The January Clearance Event is upon us!
It's an inventory blowout!
Baseball executives, you don't want to miss this!
General managers have never been particularly savvy shoppers. Bad contracts are handed to poor ballplayers every year, millions upon millions of dollars wasted on popgun bats and dishrag arms.
Yet the restraint displayed this offseason has been astounding. For the most part, a weak free-agent class has been treated appropriately, with caution bordering on disdain.
Now, though, comes the toughest test for GMs. Spring training is mere weeks away. Will they revert to form, panicking and overspending in the name of depth, injury and a warm body for a rainy day?
Will they become no different than the legions of everyday consumers who exhibit admirable self-control through the holidays only to succumb to the marketing blitz of the new year?
Sound the trumpets. Break out the bunting and balloons. Check out the showroom floor.
Those six players have combined for 2,777 home runs, 8,443 RBIs, 1,358 stolen bases and 41 All-Star appearances. Sure, there's the whiff of Grecian Formula with all of them, the stench of performance-enhancing drugs with more than one and a pesky perjury charge when it comes to Bonds.
But let's not pretend that all 30 teams have three outfielders better than the scowling slugger with the oversized noggin. And every team doesn't have a better fourth or fifth outfielder than Gonzalez, Green or Sanders. Or better pinch-hitters than Sosa or Piazza.
MLB insiders say a glut of aging free-agent hitters entered the offseason in need of a severe reality check to reduce their salary demands. Still on the market are 40 position players who were paid at least $1 million last year. Many will have to settle for a minor-league offer and an invitation to major league spring training.
"There's a pattern to this," one high-ranking club official said. "Agents try to get a multi-year deal, then when it's clear that won't happen they look for a one-year deal for money the player has been accustomed to getting.
"About now, some of them start to realize those deals aren't going to materialize and they look for a place where there will be playing time."
GMs, then, have gained leverage.
Save up to 90 percent on this Winter Warm-up Sale!
Bonds won't approach the $15.8 million he made last year. Piazza won't come close to the $8.5 million he was paid, and Green ($9.5 million), Gonzalez ($7.35 million) and Sanders ($5 million) are in for steep cuts as well. Sosa will be lucky to get the $500,000 he was paid by the Texas Rangers, if he gets an offer at all.
Teams needing an outfielder or corner infielder with a solid hitting resume have plenty of options. How about a sporty compact? Kick the tires on these former leadoff hitters who won't embarrass you batting eighth.
There's Kenny Lofton, who batted .296 with 23 stolen bases last season and ranks 15th all-time with 622 career steals.
Hurry in while supplies last!
"A handful of guys could still land on their feet and get guaranteed contracts for more money than they are probably worth," an NL executive said. "There are too many of them out there this year, though. A lot of guys are scrambling right now."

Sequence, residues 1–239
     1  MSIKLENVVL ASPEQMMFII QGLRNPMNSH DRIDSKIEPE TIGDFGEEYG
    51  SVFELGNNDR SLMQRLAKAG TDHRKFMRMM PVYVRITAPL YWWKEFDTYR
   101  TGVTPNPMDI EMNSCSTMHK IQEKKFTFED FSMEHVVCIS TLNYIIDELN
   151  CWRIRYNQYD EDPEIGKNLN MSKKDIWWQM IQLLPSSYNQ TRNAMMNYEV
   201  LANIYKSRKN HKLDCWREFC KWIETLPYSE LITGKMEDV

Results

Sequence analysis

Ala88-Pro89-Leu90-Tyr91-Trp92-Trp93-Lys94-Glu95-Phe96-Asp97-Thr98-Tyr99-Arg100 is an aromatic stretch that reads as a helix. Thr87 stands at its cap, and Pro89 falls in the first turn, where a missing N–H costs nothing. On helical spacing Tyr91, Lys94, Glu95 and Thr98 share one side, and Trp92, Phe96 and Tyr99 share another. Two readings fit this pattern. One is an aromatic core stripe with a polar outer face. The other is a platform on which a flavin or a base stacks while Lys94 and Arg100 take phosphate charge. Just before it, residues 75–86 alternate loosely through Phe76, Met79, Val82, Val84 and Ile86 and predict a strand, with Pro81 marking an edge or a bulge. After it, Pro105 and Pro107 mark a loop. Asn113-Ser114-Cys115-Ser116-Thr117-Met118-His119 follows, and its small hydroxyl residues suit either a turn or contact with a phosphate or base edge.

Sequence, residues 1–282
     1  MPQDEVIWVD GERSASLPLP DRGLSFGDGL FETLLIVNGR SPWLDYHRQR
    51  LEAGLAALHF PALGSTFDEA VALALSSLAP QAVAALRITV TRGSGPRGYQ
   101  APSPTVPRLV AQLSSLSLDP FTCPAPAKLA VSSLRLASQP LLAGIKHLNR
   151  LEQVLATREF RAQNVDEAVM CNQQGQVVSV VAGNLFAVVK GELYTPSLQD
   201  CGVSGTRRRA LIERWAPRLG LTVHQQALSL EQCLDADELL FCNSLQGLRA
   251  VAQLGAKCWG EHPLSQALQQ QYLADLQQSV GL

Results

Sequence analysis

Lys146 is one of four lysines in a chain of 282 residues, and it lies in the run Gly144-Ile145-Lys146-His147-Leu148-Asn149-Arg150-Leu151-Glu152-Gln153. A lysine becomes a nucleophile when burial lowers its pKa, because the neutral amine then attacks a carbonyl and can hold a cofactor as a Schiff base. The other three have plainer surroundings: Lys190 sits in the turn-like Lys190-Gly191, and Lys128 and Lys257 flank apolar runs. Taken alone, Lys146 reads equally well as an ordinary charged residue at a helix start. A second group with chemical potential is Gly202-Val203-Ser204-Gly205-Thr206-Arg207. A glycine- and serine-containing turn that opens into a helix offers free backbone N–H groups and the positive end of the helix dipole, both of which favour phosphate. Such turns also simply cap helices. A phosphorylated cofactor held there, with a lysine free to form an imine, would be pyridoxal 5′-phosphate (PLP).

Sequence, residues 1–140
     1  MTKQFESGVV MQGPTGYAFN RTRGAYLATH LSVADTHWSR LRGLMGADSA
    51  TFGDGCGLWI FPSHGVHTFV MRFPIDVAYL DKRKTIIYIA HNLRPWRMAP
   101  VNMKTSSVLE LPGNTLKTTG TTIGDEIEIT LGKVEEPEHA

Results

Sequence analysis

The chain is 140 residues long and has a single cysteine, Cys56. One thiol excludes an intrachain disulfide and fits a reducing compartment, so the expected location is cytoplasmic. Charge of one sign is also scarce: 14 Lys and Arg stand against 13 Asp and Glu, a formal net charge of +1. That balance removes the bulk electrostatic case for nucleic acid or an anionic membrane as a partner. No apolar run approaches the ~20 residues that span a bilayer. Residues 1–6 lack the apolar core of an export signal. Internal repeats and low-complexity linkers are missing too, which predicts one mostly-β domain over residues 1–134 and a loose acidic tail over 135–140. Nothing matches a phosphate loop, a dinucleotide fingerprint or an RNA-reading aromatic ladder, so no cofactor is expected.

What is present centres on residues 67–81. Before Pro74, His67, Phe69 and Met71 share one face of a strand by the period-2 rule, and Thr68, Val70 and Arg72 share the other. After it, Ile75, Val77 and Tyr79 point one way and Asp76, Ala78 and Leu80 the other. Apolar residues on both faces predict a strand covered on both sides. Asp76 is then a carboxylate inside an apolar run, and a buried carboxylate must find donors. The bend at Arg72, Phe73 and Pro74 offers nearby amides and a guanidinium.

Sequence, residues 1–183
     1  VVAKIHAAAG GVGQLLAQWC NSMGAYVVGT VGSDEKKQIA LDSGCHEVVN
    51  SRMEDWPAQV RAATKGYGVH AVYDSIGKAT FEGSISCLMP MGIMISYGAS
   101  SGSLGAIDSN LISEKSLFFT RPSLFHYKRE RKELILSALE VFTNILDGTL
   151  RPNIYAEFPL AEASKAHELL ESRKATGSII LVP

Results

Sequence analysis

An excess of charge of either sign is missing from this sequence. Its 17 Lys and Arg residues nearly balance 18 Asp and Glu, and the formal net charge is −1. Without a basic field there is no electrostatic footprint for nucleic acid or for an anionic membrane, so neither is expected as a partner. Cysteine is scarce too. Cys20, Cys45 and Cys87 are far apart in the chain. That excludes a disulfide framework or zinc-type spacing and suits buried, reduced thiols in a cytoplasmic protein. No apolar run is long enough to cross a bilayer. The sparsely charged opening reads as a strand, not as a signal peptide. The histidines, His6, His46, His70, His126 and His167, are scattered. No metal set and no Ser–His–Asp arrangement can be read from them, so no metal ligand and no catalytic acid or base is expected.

So, who is a likely sucker, er, buyer for an outfielder?
The Baltimore Orioles, who can't be sure Luke Scott – acquired from the Houston Astros in the Miguel Tejada deal – will cut it in left field. They also might need DH insurance because of Aubrey Huff's sports hernia. The Oakland Athletics are currently counting on unproven Chris Denorfia and ho-hum Emil Brown.
The Florida Marlins are thrusting Cameron Maybin into center field, hoping to quickly justify the Miguel Cabrera trade. The St. Louis Cardinals are banking on super prospect Colby Rasmus, not to mention Chris Duncan and Rick Ankiel. The San Diego Padres have only four outfielders on their depth chart and one is somebody named Callix Crabbe, a Rule 5 pick whose minor league experience is at second base.
Potential shoppers for bats to fill backup roles include the Atlanta Braves, the Milwaukee Brewers, the Boston Red Sox, Minnesota Twins, New York Mets and Toronto Blue Jays. Are the San Francisco Giants really going to open the season with Dave Roberts in left field and Randy Winn in right? Do the Washington Nationals feel secure with Wily Mo Pena and Elijah Dukes?
There is a different dynamic in the pitching market, with few proven free agents and the always insatiable need for teams to accumulate as many arms as possible heading into spring training. Sign of the times: Brett Tomko, he of a 4-12 record and 5.55 ERA last season, just got a $3 million, one-year contract from the Kansas City Royals.
Soon a team is bound to cave in on a multiyear deal for Kyle Lohse. Probably Josh Fogg and Livan Hernandez, too. One-year contracts for guarantees upward of $1 million will be handed out like Skittles (sorry for borrowing your line, Roger) to the weak and infirm.
Remember, all out-of-date models must go!
Of course, there are no warranties on these items. GMs are well-acquainted with the term caveat emptor.
But with prices dropping by the day, how can they resist. These are savings to savor.
The Spring Training Sales Spectacular is here!